The pioneering German artist Thomas Bayrle was born to be an artist, the son of painter and graphic artist Alf Bayrle and art historian Elisabeth Weiss. Thomas, who wanted to become a textile engineer, completed a two-year training course as a pattern draftsman and weaver in 1956. At the Gutmann machine weaving mill in Göppingen he worked on jacquard looms, which work on punched cards to produce a repeating pattern. From this experience, Bayrle’s work retained the motif of the human figure in the machine age and the structure of the grid. Influenced by Pop Art, notably the work of Sigmar Polke, the Frankfurt School, the economic post-war boom, and most importantly the large American presence in Frankfurt, Bayrle abandoned painting in 1967 to produce serigraphic works reflecting on mass society. Like his friend and fellow Frankfurt artist Peter Roehr, Bayrle adopted serial repetition as a means to engage critically with mass consumerism. Placing objects and motives from the daily life and mass advertising into serial patterns, Bayrle’s work reflects on the individual in their sociopolitical, industrial, and technological context.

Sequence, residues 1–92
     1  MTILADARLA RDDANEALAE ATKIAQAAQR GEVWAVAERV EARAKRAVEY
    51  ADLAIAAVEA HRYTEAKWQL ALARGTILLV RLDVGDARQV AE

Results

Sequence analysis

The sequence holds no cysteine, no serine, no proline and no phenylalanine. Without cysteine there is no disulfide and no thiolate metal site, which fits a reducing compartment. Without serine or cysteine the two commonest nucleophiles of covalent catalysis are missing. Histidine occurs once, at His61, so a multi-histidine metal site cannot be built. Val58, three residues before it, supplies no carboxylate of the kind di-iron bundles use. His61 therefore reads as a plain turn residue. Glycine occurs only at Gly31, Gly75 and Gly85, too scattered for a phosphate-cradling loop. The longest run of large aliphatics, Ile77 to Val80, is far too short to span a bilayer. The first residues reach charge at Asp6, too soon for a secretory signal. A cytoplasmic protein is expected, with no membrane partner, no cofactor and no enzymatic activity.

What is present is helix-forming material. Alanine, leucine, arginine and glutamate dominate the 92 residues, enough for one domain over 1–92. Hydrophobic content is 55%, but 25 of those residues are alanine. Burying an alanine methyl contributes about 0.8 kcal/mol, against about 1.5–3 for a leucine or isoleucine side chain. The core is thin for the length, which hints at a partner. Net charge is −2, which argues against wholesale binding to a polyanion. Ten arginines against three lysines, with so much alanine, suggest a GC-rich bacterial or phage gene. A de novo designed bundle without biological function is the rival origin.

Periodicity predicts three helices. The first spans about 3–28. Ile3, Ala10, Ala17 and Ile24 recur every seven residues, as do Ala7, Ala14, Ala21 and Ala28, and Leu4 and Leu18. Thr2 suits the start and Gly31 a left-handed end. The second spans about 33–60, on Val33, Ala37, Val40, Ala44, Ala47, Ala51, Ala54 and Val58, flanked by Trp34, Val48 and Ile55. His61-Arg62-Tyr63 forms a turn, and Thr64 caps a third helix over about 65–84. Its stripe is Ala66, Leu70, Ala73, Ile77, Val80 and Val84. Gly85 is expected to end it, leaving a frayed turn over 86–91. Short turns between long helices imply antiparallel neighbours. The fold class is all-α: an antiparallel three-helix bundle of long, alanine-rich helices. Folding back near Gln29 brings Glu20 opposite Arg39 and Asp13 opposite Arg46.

In the late 1950s Bayrle learned the technique of lithography and etching from Eberhard Behr, and in 1961 together with Bernhard Jäger founded the Gulliver Press as a publisher of avant garde artist books. From 1972 to 2002 he was a professor at the Städelschule in Frankfurt, where his students included Martin Liebscher, Marko Lehanka, Georg Peez, Manfred Stumpf, Kerstin Jeckel and Stefan Müller. In 1995 he was visiting professor at Tohoku University in Japan. He is married to the artist Helke Bayrle.
His best-known work is probably ‘The Laughing Cow’ (La Vache qui Rit) of 1967, Bayrle multiplied the logo of the famous cheese brand’s logo of the laughing cow, reflecting the mechanical mass-production process of the product. Through the appropriation of the logo, endlessly repeated, he questions the status of both artist and artwork, an exploration developed by many Pop Artists of the period in an effort to counter the claims of more conventional artists to some kind of individuality.